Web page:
'He [Ivanhoe] was deposited in the horse-litter which had brought him from the lists, and every precaution taken for his travelling with ease. In one circumstance only even the entreaties of Rebecca were unable to secure sufficient attention to the accommodation of the wounded knight. Isaac, like the enriched traveller of Juvenal's tenth satire, had ever the fear of robbery before his eyes, conscious that he would be alike accounted fair game by the marauding Norman noble, and by the Saxon outlaw. He therefore journeyed at a great rate, and made short halts, and shorter repasts, so that he passed by Cedric and Athelsiane who had several hours the start of him, but who had been delayed by their protracted feasting at the convent of Saint Withold's. Yet such was the virtue of Miriam's balsam, or such the strength of Ivanhoe's constitution, that he did not sustain from the hurried journey that inconvenience which his kind physician had apprehended.'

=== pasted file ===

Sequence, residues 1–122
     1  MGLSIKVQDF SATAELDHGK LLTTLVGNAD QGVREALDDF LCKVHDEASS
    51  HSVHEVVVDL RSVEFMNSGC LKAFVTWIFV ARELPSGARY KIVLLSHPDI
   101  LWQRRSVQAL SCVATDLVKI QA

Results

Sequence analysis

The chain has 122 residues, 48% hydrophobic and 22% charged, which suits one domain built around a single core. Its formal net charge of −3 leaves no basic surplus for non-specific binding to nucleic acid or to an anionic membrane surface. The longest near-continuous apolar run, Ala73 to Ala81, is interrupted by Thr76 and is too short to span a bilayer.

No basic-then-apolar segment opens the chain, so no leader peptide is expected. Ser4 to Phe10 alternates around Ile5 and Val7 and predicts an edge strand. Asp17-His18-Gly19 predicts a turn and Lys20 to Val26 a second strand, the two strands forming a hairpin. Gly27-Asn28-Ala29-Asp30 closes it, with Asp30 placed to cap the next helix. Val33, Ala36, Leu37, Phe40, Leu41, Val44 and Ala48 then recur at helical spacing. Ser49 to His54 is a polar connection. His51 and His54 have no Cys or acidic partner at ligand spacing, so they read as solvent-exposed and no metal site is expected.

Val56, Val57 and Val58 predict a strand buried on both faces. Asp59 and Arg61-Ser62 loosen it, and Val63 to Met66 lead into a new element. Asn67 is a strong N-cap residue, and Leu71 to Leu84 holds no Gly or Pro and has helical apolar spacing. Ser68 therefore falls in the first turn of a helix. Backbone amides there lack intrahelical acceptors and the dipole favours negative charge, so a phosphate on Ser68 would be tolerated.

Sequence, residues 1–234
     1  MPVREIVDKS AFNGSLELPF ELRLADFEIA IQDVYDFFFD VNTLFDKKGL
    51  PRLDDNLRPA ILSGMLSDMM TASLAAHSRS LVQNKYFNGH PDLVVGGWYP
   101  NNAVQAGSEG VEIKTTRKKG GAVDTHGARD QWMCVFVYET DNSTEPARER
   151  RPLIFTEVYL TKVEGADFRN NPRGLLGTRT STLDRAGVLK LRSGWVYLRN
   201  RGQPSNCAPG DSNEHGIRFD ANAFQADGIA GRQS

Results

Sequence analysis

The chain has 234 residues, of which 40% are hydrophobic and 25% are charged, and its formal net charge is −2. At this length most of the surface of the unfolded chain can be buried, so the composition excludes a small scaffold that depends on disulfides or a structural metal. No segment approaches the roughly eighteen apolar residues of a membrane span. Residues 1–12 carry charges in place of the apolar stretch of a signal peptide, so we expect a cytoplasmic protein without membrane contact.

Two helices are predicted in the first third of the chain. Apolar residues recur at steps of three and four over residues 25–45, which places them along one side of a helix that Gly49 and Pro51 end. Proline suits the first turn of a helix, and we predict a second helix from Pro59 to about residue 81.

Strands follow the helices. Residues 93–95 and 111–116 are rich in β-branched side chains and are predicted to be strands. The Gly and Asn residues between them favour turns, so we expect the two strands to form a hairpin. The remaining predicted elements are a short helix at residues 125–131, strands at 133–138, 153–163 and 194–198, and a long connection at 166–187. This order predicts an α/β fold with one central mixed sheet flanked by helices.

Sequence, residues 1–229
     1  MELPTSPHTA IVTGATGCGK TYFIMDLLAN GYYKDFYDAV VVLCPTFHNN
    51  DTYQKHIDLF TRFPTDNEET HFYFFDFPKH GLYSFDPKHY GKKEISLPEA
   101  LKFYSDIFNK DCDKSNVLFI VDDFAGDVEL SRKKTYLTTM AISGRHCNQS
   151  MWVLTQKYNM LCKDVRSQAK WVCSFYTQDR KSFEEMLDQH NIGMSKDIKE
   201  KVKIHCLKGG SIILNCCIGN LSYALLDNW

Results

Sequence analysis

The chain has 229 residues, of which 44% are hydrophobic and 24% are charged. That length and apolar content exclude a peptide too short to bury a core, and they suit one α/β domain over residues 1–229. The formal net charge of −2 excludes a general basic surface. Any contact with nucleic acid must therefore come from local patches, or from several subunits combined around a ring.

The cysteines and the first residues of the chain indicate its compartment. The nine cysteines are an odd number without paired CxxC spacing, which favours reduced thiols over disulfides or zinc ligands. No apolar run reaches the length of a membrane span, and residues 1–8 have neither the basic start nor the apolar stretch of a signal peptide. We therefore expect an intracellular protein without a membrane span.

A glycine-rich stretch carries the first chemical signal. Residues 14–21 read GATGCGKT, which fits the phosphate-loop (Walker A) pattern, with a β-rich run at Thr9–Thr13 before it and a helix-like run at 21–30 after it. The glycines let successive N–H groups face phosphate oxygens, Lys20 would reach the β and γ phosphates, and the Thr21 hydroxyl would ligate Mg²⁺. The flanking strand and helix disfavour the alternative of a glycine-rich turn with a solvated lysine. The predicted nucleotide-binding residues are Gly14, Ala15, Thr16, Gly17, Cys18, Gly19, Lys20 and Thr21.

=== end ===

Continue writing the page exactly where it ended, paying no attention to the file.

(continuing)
Latin poet Juvenal's actual birth date is unknown, though the Book of Days quotes March 2nd, around the year 40 AD. Juvenal's tenth satire, employed by Scott in "Ivanhoe", is "The Vanity of Human Wishes". Another of Juvenal's satires, his third, was used as a model by Samuel Johnson for his famous poem "London".